Chicago Theater Review: THE MOTHER (Oracle)

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by Lawrence Bommer on February 2, 2014

in Theater-Chicago


This is Brecht’s real Mother Courage, not “Canteen Anna,” the pointless survivor of the cautionary later play who thrives on war (which, Brecht implies, capitalism does as well). Written in 1930, The Mother is an unashamed piece of agitprop, a more driven and optimistic successor to The Threepenny Opera of the year before. Oracle’s welcome revival of its much-praised, in-your-face 2013 production is inflammatory, incendiary, incandescent, and consistently explosive.

Zachary Baker-Salmon and Katherine Keberlein (with ensemble in the background) in Oracle's THE MOTHER. Photo by Ben Fuchsen.

Performed on huge, high tables with the audience sandwiched between, Max Truax’s rampaging 105-minute staging reinvents what Brecht rightly called his “Lehrstucke” or “learning play.” Indicting the capitalist corruption of the last days of the Weimar Republic, this portrait of pre-revolutionary Romanov Russia equally anticipates the Nazi crackdown on dissent of any shade. Employing exciting new melodies by Jonathan Guillen to Brecht’s still rabble-rousing lyrics (to replace Hans Eisler’s original anthems), Nicholas Tonozzi’s musical direction is the kinetic and enthralling powerhouse behind Oracle Productions’ pile-driving protest play.

The ensemble of Oracle's THE MOTHER. Photo by Eleanor Kahn.

Here in (great) effect Brecht delivers a parable of poverty. He depicts the radicalization of the title character, a widow whose instinct to protect her radical socialist son from the authorities awakens her to the greater cause for which he gives everything. That cause gradually morphs from armed rebellion to anti-war agitation against the war with Germany, seen by the socialists as a capitalist scheme to create a market in death. Brecht’s series of 15 scenes (originally 17) are intensified by the usual Brechtian “alienation” devices. A silent-screen video backdrop depicts the actual proletarian protests, announcing locales and action.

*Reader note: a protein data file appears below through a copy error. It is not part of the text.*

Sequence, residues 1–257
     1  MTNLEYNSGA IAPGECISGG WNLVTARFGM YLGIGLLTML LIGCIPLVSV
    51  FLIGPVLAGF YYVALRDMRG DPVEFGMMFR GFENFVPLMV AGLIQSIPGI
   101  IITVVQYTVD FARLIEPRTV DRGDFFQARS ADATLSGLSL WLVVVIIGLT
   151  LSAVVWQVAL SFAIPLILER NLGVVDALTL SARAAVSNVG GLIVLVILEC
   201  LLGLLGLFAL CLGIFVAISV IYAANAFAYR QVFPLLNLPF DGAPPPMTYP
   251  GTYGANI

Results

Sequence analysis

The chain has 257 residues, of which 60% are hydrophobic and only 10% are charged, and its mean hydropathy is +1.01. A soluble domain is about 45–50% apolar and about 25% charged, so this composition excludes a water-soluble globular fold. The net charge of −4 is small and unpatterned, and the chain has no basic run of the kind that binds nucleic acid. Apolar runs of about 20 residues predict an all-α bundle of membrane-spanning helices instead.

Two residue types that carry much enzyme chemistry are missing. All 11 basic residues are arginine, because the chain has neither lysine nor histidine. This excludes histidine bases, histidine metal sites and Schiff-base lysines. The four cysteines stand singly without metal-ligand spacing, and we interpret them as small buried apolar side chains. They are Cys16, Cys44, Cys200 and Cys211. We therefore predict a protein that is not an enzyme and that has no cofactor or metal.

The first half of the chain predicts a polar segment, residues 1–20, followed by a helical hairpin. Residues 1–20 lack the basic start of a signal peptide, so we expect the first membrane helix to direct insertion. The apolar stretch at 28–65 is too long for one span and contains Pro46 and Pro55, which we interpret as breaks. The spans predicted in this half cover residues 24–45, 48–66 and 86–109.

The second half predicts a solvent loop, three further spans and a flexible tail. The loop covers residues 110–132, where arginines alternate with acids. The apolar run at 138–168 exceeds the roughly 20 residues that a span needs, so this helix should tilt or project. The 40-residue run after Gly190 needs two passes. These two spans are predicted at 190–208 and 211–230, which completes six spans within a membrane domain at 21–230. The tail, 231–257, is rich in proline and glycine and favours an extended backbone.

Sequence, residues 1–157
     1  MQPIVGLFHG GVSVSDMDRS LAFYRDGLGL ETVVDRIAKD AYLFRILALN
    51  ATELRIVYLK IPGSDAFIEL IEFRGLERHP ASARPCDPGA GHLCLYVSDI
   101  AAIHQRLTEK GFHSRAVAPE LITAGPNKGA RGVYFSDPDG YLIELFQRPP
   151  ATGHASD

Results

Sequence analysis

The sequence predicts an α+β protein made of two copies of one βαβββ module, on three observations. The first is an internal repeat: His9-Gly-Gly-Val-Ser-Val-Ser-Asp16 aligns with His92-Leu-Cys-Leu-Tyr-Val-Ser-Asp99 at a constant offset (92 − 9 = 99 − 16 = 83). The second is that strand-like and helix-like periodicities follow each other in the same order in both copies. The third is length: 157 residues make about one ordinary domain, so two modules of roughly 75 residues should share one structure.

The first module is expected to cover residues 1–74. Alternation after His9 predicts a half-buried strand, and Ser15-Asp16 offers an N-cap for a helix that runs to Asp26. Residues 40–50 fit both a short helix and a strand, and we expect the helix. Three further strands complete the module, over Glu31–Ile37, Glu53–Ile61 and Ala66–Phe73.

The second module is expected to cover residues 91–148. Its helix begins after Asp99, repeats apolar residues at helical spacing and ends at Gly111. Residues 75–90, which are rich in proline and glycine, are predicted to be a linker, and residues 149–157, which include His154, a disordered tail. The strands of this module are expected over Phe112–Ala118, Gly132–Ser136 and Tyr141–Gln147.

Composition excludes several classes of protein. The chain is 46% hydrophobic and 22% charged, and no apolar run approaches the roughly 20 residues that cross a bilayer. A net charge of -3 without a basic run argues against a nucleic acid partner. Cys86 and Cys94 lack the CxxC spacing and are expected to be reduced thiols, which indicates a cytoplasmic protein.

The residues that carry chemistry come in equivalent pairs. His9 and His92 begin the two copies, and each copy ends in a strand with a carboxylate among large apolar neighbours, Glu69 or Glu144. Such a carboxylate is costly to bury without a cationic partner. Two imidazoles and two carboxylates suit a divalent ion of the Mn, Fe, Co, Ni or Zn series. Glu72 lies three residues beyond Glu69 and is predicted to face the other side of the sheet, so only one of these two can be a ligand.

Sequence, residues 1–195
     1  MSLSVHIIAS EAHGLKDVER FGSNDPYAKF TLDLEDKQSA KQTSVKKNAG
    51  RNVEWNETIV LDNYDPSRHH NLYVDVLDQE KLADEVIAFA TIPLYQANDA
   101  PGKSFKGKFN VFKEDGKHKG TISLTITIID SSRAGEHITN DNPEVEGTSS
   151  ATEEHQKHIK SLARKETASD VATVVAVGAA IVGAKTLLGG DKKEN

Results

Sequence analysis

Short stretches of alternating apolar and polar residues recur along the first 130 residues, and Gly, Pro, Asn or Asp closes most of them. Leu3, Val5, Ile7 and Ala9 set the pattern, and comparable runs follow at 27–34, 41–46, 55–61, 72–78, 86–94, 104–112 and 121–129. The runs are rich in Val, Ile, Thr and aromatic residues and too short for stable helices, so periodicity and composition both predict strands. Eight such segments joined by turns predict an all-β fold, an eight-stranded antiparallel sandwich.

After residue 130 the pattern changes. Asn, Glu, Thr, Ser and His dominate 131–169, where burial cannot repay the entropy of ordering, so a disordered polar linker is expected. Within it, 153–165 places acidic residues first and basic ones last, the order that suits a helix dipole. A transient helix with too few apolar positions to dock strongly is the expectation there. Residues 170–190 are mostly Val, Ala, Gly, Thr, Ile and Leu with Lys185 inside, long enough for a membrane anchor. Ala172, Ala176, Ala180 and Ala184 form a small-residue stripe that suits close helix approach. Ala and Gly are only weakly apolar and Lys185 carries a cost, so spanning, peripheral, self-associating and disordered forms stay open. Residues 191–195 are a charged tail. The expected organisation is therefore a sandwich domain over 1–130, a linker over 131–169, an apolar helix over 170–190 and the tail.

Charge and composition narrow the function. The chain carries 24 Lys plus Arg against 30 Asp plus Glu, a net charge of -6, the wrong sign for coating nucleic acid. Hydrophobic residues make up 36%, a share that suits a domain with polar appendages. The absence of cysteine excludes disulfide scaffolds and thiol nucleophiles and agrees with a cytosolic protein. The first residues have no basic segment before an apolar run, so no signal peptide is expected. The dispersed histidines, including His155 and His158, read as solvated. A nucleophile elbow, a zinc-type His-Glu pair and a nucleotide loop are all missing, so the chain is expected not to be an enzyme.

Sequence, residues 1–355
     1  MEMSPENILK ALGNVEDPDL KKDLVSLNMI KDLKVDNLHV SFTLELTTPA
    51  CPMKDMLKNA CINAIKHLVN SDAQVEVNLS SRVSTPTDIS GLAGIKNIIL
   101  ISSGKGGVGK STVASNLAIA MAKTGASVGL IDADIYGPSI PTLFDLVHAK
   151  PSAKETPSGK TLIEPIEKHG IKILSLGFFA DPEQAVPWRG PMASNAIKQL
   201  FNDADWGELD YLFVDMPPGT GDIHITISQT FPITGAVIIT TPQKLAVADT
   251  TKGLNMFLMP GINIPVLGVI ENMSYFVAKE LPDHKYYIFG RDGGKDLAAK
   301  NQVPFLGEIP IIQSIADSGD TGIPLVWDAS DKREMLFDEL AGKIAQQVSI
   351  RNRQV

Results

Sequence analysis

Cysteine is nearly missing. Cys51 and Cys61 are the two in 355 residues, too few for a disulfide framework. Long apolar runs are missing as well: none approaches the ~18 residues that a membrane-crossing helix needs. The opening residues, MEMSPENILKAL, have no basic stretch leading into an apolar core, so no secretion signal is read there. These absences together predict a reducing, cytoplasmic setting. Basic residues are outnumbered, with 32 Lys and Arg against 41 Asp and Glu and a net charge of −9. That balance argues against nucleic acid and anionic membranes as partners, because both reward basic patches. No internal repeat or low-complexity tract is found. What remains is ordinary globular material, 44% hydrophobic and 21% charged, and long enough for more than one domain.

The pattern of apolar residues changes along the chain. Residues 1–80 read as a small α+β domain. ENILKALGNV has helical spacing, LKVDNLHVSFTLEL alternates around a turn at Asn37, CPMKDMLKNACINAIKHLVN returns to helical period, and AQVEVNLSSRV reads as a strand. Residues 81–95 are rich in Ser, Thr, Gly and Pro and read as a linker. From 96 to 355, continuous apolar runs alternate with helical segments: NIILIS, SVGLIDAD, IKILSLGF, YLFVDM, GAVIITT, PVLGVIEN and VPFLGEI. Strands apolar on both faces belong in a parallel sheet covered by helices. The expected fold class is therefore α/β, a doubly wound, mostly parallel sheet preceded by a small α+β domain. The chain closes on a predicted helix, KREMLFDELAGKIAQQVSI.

DeChantel Kosmotka and Katherine Keberlein (with ensemble in the background) in Oracle's THE MOTHER. Photo by Ben Fuchsen.

That action sees Pelagea Vlassova (radiant Katherine Keberlein) struggling to save her son Pavel (Rick Foresee) from the Tsar’s brutal crackdown on Communists. This illiterate peasant gradually gets drawn into the Bolshevik movement: passing out leaflets attacking the “swamp fever” that the factory produces; defying the scab “rats” who defy their strike; helping with the printing press; and castigating the odious Christian mothers who preach that God will provide so the employers needn’t. Slowly Pelagea learns to read and to spell out CLASS STRUGGLE for the marchers’ signs.

Cody Proctor, Katherine Keberlein, Eli Branson and Stephanie Polt in Oracle's THE MOTHER. Photo by Ben Fuchsen.

A strike over a reduction of pay of two kopeks meets with ugly repression: Pavel flees to Finland with tragic results. Along the way Pelagea has illuminating encounters with a refractory Teacher (Cody Proctor), a helpful Butcher’s Wife (Kate Staiger), and Pavel’s leftist comrades (Stephanie Polt, Zachary Baker-Salmon, Havalah Grace, Yael Wartens, Eli Branson, and Jamie Bragg). Lurking perilously close to every scene is the evil Commissioner (DeChantel Kosmatka), agent of merciless counter-revolution who wields a very busy revolver.

Eli Branson being held by Katherine Keberlein in Oracle's THE MOTHER. Photo by Eleanor Kahn.Encouraging the workers to “turn the state over,” the marching music, including songs of “Solidarity,” “What To Do,” and “Praise of Learning,” is glorious or galvanizing. Likewise this stirring production, a real blast from the past that demands to be felt anew. In the spirit of the show, tickets are free for all.

photos by Eleanor Kahn
and Ben Fuchsen

The Mother
Oracle Productions
Oracle Theatre, 3809 N Broadway
scheduled to end on March 1, 2014
for tickets (free to the public) visit
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